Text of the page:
Why I make a Regular Gift to Bradfield: Gerard Crombie (C 59-64)
My family has been associated with Bradfield since 1897 when my great uncle Victor W D Fox arrived shortly followed by his brother Gerard Fox; my uncle Timothy Daly was there in the 1930s, myself in the 1960s and my son Richard A Crombie twenty years later.
I have many fond memories of my time at the College, the support and encouragement I received from the staff there ensured that I left with the right qualifications and personality to fulfil my ambition of a career in the RAF.
Two World Wars meant that I never met my uncles but the family records indicate they gained the same benefits from their time at Bradfield as I did and my son likewise. So, when the opportunity arose to contribute financially towards the future of the College to ensure that generations to come were able to benefit as my family has, I was only too willing to help.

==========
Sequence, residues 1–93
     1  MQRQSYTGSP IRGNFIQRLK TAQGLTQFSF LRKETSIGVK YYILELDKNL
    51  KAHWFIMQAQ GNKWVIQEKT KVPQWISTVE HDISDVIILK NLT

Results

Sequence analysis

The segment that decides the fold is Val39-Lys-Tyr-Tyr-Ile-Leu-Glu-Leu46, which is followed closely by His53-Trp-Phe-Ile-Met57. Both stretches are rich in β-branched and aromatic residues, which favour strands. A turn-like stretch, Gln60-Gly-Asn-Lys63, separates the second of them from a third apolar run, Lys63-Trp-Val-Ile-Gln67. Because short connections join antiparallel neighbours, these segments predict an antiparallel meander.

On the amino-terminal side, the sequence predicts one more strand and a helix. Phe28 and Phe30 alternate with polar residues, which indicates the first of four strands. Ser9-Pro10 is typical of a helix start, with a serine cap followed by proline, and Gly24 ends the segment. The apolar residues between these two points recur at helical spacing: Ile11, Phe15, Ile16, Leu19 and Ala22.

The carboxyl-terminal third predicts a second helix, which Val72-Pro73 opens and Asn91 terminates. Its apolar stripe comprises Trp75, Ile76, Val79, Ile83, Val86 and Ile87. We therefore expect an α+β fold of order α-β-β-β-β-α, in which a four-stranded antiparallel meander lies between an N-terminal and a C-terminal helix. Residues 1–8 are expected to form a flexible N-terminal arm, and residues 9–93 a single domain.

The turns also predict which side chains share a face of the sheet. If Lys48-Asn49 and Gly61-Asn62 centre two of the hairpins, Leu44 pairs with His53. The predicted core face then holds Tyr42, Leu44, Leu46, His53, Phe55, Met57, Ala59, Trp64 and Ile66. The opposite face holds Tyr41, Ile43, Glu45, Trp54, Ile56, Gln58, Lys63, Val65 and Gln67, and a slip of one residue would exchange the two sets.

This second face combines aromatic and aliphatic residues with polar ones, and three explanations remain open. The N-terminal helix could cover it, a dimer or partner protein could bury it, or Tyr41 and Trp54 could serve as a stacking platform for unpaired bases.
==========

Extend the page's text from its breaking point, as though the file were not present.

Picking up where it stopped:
It suits me to make a Regular Gift, something a little and often to not unduly aggravate my bank balance, but that can accumulate into a meaningful amount for the College. I do not have a preference where my donation goes, my gift is unrestricted, allowing the College to use the funds as they deemed most appropriate.
As I do not live in the local area, opportunities to visit Bradfield are unfortunately fairly infrequent, however I am comforted that it would seem my donations are being put to good use.
Little has changed in the area since the first time I visited Bradfield in 1959, the fine buildings set in a quiet corner of English countryside are a different world from the urban creep of Reading and the mayhem of the M4. Perhaps this alone is worth preserving!
I also greatly approve of the sympathetic modernisation of the long established buildings – making the College fit for the education of present day teenagers, and that the new builds that have been designed in sympathy with the surroundings, retaining the history of Bradfield.
I am certain that if my great uncles were alive they would recognise the College of their youth.
Gerry Crombie (C 59 – 64)